Part 2: Asthmatic smokers will be studied to investigate allergen-induced changes in inflammatory cell numbers after they quit smoking for a period of 8 weeks. Asthmatic smokers who were involved in the first part of the study will be asked if they would like to participate in this part of the study, and they will be provided with smoking cessation tools including nicorette gum and nicotine patches, to aid them in ceasing to smoke. At the beginning of the study period, the same procedures that occurred in part 1 will be performed to obtain initial baseline results- ie- history, physical examination, skin prick test, methacholine challenge and sputum induction. Throughout the 8 week period, subjects will be required to come in weekly to perform a carboxyhemoglobin test, to ensure that they have not been smoking that week. At the end of the 8 week period, an allergen challenge triad will be carried out (as was performed in Part 1 of the study). Those subjects who were not able to comply to the smoking cessation regime will still be included in the final measurements.

We hypothesize that inflammatory cell counts will be higher in the asthmatic smokers versus asthmatic non-smokers. We also hypothesize that subjects who quit smoking for the 8 week period will show a decline in inflammatory cell counts indicating an improvement in lung function.

We believe that the results of this novel study will provide greater insight into the inflammatory response in asthmatic smokers, and will suggest appropriate therapeutic approaches for control of asthma in smokers.


Ages Eligible for Study:   18 Years to 65 Years   (Adult)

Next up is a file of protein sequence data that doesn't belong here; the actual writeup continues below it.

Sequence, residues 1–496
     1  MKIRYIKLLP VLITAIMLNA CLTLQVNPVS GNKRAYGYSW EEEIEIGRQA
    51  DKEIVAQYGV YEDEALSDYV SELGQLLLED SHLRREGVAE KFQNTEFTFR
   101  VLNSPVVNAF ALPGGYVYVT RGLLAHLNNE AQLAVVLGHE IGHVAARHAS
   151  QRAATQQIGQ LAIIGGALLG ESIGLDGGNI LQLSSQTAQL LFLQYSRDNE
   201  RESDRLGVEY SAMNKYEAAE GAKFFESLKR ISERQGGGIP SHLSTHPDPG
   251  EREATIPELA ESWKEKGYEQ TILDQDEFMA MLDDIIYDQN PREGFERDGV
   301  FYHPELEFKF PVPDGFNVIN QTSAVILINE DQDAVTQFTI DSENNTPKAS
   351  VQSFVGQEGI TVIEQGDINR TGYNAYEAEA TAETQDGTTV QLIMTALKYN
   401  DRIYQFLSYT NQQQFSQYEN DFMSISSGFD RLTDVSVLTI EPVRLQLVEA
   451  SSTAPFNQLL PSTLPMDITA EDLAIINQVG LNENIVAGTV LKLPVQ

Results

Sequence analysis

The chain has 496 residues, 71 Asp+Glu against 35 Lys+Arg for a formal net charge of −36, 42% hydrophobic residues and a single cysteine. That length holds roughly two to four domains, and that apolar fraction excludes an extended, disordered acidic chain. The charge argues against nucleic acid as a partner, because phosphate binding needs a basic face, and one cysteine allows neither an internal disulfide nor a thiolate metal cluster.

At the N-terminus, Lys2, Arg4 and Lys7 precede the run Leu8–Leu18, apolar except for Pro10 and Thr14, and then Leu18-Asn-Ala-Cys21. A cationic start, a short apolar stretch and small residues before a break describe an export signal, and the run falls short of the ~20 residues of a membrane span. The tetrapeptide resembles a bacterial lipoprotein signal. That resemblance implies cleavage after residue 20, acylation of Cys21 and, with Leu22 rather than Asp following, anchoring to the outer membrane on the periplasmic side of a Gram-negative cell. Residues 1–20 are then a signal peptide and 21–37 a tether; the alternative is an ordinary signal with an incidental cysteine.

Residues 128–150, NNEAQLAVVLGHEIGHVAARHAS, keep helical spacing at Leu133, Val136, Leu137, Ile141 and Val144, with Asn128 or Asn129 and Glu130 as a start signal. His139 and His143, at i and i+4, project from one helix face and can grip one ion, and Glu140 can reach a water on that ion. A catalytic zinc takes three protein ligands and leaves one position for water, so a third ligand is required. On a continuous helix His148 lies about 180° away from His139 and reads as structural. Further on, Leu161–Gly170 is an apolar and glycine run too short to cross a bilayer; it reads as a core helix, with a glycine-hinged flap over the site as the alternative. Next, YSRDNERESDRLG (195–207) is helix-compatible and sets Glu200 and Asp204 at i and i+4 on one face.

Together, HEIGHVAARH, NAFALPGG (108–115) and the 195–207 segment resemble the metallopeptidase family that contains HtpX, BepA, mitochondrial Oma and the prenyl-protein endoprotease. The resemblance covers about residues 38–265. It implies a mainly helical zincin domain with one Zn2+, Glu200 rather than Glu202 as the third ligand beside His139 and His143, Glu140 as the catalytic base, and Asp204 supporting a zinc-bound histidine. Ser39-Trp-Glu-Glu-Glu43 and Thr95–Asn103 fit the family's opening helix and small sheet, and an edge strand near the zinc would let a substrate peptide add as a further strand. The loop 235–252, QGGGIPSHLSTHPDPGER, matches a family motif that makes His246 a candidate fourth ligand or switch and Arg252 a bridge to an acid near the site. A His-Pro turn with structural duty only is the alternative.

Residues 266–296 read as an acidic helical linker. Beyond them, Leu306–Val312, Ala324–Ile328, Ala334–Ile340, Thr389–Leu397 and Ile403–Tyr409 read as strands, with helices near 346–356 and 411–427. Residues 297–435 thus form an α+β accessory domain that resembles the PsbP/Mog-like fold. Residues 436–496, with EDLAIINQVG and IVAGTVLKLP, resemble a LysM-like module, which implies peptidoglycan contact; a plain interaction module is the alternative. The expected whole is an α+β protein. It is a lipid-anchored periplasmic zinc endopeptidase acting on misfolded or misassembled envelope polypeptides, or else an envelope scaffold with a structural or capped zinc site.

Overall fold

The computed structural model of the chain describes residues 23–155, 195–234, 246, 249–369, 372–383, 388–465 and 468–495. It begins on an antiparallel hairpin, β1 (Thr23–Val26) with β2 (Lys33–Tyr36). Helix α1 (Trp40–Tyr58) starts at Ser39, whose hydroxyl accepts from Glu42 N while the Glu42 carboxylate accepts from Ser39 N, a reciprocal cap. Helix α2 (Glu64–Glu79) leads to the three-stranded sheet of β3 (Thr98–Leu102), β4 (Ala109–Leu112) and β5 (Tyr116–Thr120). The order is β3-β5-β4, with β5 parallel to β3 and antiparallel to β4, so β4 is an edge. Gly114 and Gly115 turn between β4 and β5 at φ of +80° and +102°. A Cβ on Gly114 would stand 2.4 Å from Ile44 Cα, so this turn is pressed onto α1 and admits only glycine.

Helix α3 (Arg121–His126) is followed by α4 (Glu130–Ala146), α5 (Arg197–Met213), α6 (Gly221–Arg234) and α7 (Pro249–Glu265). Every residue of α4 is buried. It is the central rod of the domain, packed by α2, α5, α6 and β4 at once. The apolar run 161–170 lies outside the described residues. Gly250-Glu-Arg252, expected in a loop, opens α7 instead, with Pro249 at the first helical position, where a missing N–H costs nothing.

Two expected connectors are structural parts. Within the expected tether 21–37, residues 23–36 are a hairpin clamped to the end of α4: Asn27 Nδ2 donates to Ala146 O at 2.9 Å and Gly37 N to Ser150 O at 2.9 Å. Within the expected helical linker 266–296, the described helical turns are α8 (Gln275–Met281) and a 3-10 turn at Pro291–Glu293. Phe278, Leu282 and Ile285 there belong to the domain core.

Sexes Eligible for Study:   All
Accepts Healthy Volunteers:   No

Inclusion Criteria:

  • Subjects with mild atopic asthma, presently well controlled on ß2-agonist only.
  • Baseline FEV1 more than or equal to 70% of predicted normal.

Exclusion Criteria:

  • Past or present cardiovascular, renal, liver or endocrine disease.
  • Airway infection during the last 4 weeks.
  • Exacerbation during the last 4 weeks.
  • Inhaled or oral steroids during the last 4 weeks.
  • Anti-asthma medication other than inhaled and/or oral ß2-agonists during the last 4 weeks.
  • Pregnant or lactating women or women actively seeking pregnancy or lack of adequate contraception.
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Please refer to this study by its identifier: NCT00626171

Canada, Ontario
McMaster University
Hamilton, Ontario, Canada, L8N 3Z5
Sponsors and Collaborators
Hamilton Health Sciences Corporation
Principal Investigator: Paul O'Byrne, MD McMaster University
Study Director: Gail Gauvreau, PhD McMaster University
  More Information

Responsible Party: Paul O'Byrne, McMaster University Identifier: NCT00626171     History of Changes
Other Study ID Numbers: ZMsmsp
Study First Received: February 20, 2008
Last Updated: April 23, 2013

Keywords provided by Paul O'Byrne, McMaster University:
sputum processed this record on September 18, 2017